Lastly, Oklahoma prohibits convicted felons from possessing pepper spray in the state. If you are a convicted felon you’ll have to have your civil rights restored before you may legally possess pepper or any defensive spray.
Oklahoma is a broadly permissive state concerning citizen possession of defensive sprays. Oklahoma does not restrict civilian possession based on any formulation or on capacity in any way.
Oklahoma does, however, forbid convicted felons from possessing pepper spray and also has a specific law on the books that makes the deployment of defensive spray against a known public servant executing their official duties a significant felony.
So long as you are not deploying your defensive spray flippantly you’ll have no trouble in Oklahoma.
Relevant State Statutes
21-1272. Unlawful carry.
A. Notwithstanding any other provision of law, it shall be unlawful for any person to carry upon or about his or her person, or in a purse or other container belonging to the person, any pistol, revolver, shotgun or rifle whether loaded or unloaded or any blackjack, loaded cane, hand chain, metal knuckles, or any other offensive weapon, whether such weapon be concealed or unconcealed, except this section shall not prohibit:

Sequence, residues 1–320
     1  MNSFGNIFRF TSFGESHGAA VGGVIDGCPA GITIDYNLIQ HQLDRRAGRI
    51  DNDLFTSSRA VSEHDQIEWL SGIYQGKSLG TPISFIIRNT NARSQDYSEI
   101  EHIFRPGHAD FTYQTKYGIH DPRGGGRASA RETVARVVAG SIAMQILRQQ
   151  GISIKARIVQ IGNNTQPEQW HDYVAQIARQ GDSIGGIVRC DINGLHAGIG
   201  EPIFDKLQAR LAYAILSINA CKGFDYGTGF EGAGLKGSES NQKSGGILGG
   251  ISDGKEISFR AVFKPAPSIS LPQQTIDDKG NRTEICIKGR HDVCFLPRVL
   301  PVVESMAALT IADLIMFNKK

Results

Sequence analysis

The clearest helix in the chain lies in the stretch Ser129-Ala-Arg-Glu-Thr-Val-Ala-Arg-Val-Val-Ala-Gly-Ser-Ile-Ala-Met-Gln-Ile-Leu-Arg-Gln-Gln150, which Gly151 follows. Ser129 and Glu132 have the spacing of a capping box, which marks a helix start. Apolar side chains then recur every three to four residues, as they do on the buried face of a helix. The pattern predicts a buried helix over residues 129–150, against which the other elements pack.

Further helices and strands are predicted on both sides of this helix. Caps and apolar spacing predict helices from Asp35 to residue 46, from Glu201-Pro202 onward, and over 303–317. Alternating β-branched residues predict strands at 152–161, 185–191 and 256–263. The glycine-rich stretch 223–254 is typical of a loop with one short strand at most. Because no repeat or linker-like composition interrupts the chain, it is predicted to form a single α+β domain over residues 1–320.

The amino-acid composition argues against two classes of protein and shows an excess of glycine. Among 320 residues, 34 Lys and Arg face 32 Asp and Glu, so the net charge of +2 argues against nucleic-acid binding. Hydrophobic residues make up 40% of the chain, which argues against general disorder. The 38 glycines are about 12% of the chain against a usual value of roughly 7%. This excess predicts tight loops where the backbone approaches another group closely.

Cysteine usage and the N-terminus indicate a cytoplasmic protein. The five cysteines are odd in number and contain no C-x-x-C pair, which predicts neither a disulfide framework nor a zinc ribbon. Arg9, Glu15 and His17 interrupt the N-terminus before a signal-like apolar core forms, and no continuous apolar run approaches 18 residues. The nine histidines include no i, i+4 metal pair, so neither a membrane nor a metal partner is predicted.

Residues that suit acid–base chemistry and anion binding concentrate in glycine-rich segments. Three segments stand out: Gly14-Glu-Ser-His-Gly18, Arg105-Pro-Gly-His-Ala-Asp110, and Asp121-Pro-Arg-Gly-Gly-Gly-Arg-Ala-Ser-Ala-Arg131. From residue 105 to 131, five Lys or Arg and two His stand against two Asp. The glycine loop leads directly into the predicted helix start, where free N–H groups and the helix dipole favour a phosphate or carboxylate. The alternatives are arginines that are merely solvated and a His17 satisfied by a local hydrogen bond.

1. The proper use of guns and knives for self-defense, hunting, fishing, educational or recreational purposes;
2. The carrying or use of weapons in a manner otherwise permitted by statute or authorized by the Oklahoma Self-Defense Act;
3. The carrying, possession and use of any weapon by a peace officer or other person authorized by law to carry a weapon in the performance of official duties and in compliance with the rules of the employing agency;
4. The carrying or use of weapons in a courthouse by a district judge, associate district judge or special district judge within this state, who is in possession of a valid handgun license issued pursuant to the provisions of the Oklahoma Self-Defense Act and whose name appears on a list maintained by the Administrative Director of the Courts;
5. The carrying and use of firearms and other weapons provided in this subsection when used for the purpose of living history reenactment. For purposes of this paragraph, “living history reenactment” means depiction of historical characters, scenes, historical life or events for entertainment, education, or historical documentation through the wearing or use of period, historical, antique or vintage clothing, accessories, firearms, weapons, and other implements of the historical period; or
6. The carrying of a firearm, concealed or unconcealed, loaded or unloaded, by a person who is twenty-one (21) years of age or older or by a person who is eighteen (18) years of age but not yet twenty-one (21) years of age and the person is a member or veteran of the United States Armed Forces, Reserves or National Guard or was discharged under honorable conditions from the United States Armed Forces, Reserves or National Guard, and the person is otherwise not disqualified from the possession or purchase of a firearm under state or federal law and is not carrying the firearm in furtherance of a crime.
Except as provided in subsection B of Section 1283 of this title, a person who has been convicted of any one of the following offenses in this state or a violation of the equivalent law of another state:
a.assault and battery pursuant to the provisions of Section 644 of this title which caused serious physical injury to the victim,